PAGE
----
Professor of mathematical biology

    James McCaw

    Mathematicians like James use numbers to estimate how quickly diseases such as COVID-19 could move throughout the population.

    Thinking of a career in health? Start by honing your maths skills

    Maths isn’t just about solving complex equations, it’s also about saving lives. From deciding to stay at home to wearing a face mask on public transport, maths has helped us make decisions that have kept us safe during the COVID-19 pandemic.

    “Mathematics, statistics and computing have all proven to be critical in managing the COVID-19 pandemic,” says James McCaw, professor of mathematical biology at The University of Melbourne.

    One example is the famous basic reproduction number, or R0 (pronounced R-naught), which tells us the average number of people who will catch COVID-19 from one infected person if we don’t make changes to our behaviour, such as practising social distancing.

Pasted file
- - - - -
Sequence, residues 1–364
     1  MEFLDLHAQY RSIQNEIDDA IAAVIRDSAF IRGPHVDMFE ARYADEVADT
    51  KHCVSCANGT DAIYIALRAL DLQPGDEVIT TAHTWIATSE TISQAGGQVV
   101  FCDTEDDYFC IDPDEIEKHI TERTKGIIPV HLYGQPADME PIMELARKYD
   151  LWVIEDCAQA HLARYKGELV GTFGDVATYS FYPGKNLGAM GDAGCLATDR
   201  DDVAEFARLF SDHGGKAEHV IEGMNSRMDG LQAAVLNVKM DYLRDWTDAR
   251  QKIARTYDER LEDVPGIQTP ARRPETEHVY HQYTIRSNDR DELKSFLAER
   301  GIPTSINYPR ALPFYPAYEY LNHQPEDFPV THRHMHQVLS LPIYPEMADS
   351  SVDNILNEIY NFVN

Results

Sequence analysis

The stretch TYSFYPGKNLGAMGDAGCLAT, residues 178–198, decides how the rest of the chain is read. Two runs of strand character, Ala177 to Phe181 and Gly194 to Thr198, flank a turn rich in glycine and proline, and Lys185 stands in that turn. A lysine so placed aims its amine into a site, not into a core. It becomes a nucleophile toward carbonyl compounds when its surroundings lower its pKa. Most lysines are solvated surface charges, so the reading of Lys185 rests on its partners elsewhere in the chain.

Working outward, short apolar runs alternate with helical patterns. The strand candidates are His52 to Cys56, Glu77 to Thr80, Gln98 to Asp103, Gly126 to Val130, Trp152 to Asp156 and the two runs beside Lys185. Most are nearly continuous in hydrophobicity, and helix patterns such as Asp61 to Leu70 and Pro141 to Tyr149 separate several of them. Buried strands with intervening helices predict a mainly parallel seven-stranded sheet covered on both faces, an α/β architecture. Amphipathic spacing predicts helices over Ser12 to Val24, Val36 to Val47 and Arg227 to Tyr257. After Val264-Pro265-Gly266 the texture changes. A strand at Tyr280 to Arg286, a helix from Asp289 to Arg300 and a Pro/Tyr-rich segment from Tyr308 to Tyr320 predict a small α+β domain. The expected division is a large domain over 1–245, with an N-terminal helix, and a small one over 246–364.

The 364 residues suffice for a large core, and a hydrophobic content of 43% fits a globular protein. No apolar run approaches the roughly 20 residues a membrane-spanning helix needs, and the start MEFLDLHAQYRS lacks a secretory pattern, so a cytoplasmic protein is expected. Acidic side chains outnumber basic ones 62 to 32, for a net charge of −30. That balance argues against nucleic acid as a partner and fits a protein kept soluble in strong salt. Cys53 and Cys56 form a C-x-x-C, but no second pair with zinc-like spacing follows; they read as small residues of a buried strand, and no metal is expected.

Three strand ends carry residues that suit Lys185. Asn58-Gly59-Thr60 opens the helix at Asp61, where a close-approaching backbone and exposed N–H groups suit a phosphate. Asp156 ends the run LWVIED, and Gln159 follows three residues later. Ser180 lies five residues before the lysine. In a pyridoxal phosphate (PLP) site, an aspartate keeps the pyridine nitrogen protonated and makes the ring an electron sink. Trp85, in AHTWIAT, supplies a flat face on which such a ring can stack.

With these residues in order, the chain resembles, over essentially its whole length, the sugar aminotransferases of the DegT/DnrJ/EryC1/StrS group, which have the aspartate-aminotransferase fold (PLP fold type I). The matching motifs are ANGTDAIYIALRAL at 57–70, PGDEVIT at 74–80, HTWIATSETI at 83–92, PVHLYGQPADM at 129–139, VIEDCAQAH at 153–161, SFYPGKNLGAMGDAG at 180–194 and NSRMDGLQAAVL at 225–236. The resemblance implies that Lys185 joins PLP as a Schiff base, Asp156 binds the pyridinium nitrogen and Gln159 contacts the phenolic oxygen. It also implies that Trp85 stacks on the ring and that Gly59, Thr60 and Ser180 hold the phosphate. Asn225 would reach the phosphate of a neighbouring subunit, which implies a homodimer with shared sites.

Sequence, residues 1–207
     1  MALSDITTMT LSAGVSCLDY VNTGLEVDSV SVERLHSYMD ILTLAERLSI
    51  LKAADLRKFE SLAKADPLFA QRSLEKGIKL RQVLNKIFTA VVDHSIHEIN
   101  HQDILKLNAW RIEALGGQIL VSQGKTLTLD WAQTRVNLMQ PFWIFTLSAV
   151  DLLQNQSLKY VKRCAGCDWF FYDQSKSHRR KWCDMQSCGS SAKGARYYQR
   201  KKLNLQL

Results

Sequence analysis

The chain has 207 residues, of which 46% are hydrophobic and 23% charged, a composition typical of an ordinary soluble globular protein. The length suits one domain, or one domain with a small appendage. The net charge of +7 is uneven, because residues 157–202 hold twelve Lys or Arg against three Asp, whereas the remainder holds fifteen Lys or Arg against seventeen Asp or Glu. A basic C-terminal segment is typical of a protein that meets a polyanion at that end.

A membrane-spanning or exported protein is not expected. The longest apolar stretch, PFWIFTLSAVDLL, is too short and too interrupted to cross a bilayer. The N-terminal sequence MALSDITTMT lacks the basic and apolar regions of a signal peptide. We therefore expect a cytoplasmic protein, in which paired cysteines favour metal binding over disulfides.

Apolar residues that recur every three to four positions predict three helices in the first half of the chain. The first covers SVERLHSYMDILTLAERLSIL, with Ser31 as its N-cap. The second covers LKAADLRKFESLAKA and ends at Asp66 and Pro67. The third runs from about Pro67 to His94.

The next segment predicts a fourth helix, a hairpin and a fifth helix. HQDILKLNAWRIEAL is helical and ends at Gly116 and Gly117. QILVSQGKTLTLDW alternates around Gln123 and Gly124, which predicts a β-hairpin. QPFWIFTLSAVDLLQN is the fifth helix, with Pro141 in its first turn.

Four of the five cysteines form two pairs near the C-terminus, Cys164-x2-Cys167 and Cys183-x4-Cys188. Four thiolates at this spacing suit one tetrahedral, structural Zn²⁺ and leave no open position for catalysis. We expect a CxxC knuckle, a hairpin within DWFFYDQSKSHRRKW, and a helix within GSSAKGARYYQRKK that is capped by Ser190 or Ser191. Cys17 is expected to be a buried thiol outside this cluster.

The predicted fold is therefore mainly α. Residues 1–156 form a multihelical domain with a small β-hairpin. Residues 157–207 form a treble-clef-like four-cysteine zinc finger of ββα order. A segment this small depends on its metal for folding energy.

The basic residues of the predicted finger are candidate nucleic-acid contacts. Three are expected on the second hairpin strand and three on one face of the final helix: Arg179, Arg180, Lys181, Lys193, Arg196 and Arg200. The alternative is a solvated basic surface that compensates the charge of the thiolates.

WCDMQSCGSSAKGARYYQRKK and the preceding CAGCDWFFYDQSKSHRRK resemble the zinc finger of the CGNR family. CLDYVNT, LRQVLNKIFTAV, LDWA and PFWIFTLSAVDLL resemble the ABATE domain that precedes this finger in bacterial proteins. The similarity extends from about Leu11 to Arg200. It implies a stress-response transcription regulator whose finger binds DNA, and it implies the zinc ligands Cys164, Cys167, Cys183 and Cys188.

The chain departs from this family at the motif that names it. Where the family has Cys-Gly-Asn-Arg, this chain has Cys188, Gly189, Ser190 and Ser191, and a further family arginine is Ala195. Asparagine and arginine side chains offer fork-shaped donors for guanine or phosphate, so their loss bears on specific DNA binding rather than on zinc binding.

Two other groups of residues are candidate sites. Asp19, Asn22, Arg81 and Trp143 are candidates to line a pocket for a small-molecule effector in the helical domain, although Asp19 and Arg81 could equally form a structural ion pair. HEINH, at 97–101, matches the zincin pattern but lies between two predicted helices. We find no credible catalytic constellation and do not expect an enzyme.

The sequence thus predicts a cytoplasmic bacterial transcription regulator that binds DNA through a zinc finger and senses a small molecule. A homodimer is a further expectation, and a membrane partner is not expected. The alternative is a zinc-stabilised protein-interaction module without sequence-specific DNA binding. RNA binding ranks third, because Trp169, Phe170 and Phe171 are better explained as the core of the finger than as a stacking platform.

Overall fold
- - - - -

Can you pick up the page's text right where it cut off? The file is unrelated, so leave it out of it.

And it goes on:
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    Mathematicians like James use this number to estimate how quickly diseases such as COVID-19 could move throughout the population. This helps governments and public health officials make big decisions that can help slow the spread. While James says he has always loved maths, it wasn’t until after he finished his PhD in physics that he discovered how it could be applied to health.

    Now he works alongside health professionals, doctors and clinical scientists on Australia’s response strategy to COVID-19. “We all rely on mathematics to do our job helping to reduce the spread and keep Australians safe,” says James.

    This article originally appears in Careers with STEM: Maths & Data 2021.

    Gemma Conroy

    Author: Gemma Conroy

    Gemma is a freelance journalist with a passion for making science accessible to everyone. Gemma has a degree in biology from Macquarie University and loves sharing amazing discoveries with the world.


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